Qualcomm predicts 10,000 5G spectrum bands, hits gigabit speed with X50

For all its troubles in its licensing business, Qualcomm still consistently sets the pace in modem engineering. Its X50 5G modem chipset, which it launched last year, has now hit gigabit download speeds in a demonstration at the firm’s labs in San Diego, the first publicly to achieve this central goal of 5G standards. It has also pointed to a 5G world in which “10,000” spectrum bands may be in play, making the current model of global band harmonization redundant.

The company used the X50 combined with the SDR051 RF transceiver chip, showing that Qualcomm aims to supply the whole chain from processor to modem to RF in 5G, as it has started to do in 4G since launching its RF360 product. The speed was achieved by aggregating “several” 100 MHz 5G carriers in the 28 GHz band.

This combination of technologies has been included in a reference design to help speed development for device makers. Qualcomm also used testing firm Keysight Technologies’ new 5G Protocol R&D Toolset and UXM 5G Wireless Test Platform.

Dimitris Mavrakis, research director at ABI Research, said having a reference design for 5G in millimeter wave spectrum would “likely create a new wave of innovation in the chipset and device ecosystem, which will eventually feed into commercial devices. Qualcomm’s reference design is perhaps a more important announcement in that aspect; using this design, vendors can now create compatible devices and develop products for 5G.”

At Qualcomm’s 4G/5G Summit in Hong Kong last week, the company announced that it was working with Verizon and Novatel Wireless on 5G New Radio trials (see separate item on Verizon 5G).

It also unveiled the Snapdragon 636 system-on-chip, claiming a 40% increase in performance compared to its predecessor, by using the new Kyro 260 processor architecture. The 636’s Adreno 509 GPU also increases gaming and browsing performance by 10%, said the vendor, and its X12 LTE modem drives peak download speeds to 600Mbps with picture quality of up to 24-megapixels. The platform will begin shipping next month.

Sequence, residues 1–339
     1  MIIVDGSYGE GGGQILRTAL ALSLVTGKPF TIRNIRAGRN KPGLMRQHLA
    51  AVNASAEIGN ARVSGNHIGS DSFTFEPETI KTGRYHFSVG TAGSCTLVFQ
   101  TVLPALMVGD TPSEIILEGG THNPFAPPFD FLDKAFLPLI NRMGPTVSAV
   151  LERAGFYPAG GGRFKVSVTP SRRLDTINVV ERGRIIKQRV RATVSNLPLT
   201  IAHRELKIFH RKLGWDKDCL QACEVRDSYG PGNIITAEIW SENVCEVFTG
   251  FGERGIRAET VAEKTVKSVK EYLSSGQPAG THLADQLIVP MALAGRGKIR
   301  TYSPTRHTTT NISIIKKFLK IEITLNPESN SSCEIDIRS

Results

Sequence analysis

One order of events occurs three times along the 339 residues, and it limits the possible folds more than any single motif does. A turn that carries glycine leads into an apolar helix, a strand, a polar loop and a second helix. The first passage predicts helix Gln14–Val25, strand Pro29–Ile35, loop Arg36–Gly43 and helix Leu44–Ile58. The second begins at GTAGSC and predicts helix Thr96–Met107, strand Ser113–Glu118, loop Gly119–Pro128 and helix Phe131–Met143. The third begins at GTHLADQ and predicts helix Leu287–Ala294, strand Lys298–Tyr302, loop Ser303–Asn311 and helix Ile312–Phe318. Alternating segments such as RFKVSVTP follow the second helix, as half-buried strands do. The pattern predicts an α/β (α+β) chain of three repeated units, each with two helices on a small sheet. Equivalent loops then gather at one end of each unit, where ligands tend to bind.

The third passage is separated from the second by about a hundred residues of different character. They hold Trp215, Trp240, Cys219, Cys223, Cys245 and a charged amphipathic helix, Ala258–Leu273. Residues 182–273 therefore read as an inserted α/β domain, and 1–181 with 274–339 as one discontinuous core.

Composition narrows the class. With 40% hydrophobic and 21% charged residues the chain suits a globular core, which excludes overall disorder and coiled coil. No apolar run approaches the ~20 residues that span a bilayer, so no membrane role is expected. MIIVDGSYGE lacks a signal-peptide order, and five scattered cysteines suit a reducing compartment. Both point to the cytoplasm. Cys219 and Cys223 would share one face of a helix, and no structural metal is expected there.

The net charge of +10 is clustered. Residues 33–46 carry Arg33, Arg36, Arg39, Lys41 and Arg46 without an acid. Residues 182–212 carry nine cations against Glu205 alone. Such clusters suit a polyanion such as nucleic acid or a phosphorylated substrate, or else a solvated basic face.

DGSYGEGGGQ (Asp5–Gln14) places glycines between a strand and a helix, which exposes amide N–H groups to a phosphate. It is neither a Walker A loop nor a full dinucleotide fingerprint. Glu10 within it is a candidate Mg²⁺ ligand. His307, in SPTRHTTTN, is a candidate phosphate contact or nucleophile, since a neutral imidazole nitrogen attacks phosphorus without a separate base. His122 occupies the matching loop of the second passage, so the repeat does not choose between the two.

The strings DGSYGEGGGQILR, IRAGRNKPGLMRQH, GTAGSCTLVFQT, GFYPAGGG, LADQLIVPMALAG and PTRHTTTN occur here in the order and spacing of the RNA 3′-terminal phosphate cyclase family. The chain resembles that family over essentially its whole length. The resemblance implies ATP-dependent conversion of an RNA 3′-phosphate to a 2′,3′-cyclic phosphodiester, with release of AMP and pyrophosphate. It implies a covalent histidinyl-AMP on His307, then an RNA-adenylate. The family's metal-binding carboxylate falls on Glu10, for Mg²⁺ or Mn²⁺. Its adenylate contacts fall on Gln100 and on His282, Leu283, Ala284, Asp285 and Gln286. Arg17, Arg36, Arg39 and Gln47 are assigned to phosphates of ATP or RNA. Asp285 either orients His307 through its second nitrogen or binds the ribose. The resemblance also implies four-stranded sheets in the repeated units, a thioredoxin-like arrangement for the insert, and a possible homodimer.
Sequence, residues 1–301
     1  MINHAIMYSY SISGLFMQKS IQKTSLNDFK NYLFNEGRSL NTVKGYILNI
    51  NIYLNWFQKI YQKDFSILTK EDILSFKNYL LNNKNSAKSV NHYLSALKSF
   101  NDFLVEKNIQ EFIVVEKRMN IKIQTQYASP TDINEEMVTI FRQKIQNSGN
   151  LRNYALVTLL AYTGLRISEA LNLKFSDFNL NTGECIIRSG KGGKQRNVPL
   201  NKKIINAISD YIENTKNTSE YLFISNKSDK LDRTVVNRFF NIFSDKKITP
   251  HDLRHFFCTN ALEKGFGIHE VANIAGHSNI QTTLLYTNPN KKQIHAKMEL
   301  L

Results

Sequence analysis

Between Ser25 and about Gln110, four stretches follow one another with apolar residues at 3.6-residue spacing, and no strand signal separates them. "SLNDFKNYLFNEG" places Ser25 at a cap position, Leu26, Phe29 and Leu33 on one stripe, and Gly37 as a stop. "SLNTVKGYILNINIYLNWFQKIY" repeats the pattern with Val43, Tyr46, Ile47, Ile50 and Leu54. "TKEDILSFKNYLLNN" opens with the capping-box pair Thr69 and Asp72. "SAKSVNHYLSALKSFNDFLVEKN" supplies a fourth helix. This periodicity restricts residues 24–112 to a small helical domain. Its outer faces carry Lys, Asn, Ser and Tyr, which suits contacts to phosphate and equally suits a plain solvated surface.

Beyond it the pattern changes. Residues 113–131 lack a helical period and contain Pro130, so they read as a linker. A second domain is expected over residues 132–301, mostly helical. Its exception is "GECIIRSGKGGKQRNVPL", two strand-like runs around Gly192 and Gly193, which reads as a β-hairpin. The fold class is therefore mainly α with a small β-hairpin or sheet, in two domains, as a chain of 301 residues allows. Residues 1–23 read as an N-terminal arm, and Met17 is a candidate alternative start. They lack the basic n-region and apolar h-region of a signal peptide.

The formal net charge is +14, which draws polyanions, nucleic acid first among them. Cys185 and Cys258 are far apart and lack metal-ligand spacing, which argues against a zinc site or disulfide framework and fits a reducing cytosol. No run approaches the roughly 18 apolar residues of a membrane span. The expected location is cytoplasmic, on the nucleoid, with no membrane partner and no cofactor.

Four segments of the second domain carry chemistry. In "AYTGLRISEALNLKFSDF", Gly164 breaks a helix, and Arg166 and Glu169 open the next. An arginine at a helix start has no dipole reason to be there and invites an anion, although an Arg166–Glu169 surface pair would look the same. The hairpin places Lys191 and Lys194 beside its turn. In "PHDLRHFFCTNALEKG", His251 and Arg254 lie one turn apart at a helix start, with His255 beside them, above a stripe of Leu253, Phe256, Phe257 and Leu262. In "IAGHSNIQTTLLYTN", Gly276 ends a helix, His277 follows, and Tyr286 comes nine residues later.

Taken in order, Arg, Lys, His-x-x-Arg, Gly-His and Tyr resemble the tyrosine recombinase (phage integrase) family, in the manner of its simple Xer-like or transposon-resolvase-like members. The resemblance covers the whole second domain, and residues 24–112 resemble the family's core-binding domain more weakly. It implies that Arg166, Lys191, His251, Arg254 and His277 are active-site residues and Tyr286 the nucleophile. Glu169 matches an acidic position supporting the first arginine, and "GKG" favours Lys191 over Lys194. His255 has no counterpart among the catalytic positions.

Upgrading the RF front end will be highly strategic to Qualcomm’s ability to compete in 5G, now that it has moved away from relying on third parties in this area. For its 5G NR reference designs, it has various band combinations including sub-6 GHz and mmWave options, which will be in the field next year. In a keynote at the summit, Cristiana Amon, president of Qualcomm Technologies, said the old assumption that every spectrum bands must be internationally harmonized must be thrown out. Operators will need to use any spectrum they can get, and chipmakers must support ever-greater band complexity in a flexible and dynamic, not rules-bound way.

Qualcomm relishes the challenge, she said, because it “allows us to push the boundaries of technologies in how we can maintain the great economies of scale with 5G”. In early 4G, about 16 bands were identified to give a device worldwide coverage (and that led to many debates about impossible levels of band fragmentation). With carrier aggregation, the number for LTE-Advanced has increased to 49. But Amon said that for LTE-A Pro and 5G, the number could run into thousands because of heavier reliance on different aggregations. “When we go to 5G, that’s going to go to 10,000,” she said.